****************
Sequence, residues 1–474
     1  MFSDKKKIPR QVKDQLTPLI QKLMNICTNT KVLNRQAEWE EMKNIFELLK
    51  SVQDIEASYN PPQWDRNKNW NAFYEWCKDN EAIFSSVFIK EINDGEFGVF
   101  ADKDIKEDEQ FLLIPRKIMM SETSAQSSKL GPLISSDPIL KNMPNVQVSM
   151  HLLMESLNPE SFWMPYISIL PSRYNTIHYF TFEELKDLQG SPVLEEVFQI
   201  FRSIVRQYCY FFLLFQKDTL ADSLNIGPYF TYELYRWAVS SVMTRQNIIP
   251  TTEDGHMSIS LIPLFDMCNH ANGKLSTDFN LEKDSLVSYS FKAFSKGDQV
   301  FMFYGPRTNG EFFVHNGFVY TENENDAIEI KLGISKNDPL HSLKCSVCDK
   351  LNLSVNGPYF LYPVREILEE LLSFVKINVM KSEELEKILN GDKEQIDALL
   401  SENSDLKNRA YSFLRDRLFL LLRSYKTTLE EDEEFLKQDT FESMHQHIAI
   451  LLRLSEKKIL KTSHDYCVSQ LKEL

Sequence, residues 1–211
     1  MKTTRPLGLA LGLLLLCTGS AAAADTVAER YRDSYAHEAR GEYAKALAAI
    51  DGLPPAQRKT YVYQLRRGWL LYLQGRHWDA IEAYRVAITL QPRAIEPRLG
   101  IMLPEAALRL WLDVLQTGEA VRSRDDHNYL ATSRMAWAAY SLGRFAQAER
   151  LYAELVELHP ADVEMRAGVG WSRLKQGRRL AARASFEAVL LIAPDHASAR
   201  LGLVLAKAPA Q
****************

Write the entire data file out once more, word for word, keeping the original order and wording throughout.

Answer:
Sequence, residues 1–474
     1  MFSDKKKIPR QVKDQLTPLI QKLMNICTNT KVLNRQAEWE EMKNIFELLK
    51  SVQDIEASYN PPQWDRNKNW NAFYEWCKDN EAIFSSVFIK EINDGEFGVF
   101  ADKDIKEDEQ FLLIPRKIMM SETSAQSSKL GPLISSDPIL KNMPNVQVSM
   151  HLLMESLNPE SFWMPYISIL PSRYNTIHYF TFEELKDLQG SPVLEEVFQI
   201  FRSIVRQYCY FFLLFQKDTL ADSLNIGPYF TYELYRWAVS SVMTRQNIIP
   251  TTEDGHMSIS LIPLFDMCNH ANGKLSTDFN LEKDSLVSYS FKAFSKGDQV
   301  FMFYGPRTNG EFFVHNGFVY TENENDAIEI KLGISKNDPL HSLKCSVCDK
   351  LNLSVNGPYF LYPVREILEE LLSFVKINVM KSEELEKILN GDKEQIDALL
   401  SENSDLKNRA YSFLRDRLFL LLRSYKTTLE EDEEFLKQDT FESMHQHIAI
   451  LLRLSEKKIL KTSHDYCVSQ LKEL

Sequence, residues 1–211
     1  MKTTRPLGLA LGLLLLCTGS AAAADTVAER YRDSYAHEAR GEYAKALAAI
    51  DGLPPAQRKT YVYQLRRGWL LYLQGRHWDA IEAYRVAITL QPRAIEPRLG
   101  IMLPEAALRL WLDVLQTGEA VRSRDDHNYL ATSRMAWAAY SLGRFAQAER
   151  LYAELVELHP ADVEMRAGVG WSRLKQGRRL AARASFEAVL LIAPDHASAR
   201  LGLVLAKAPA Q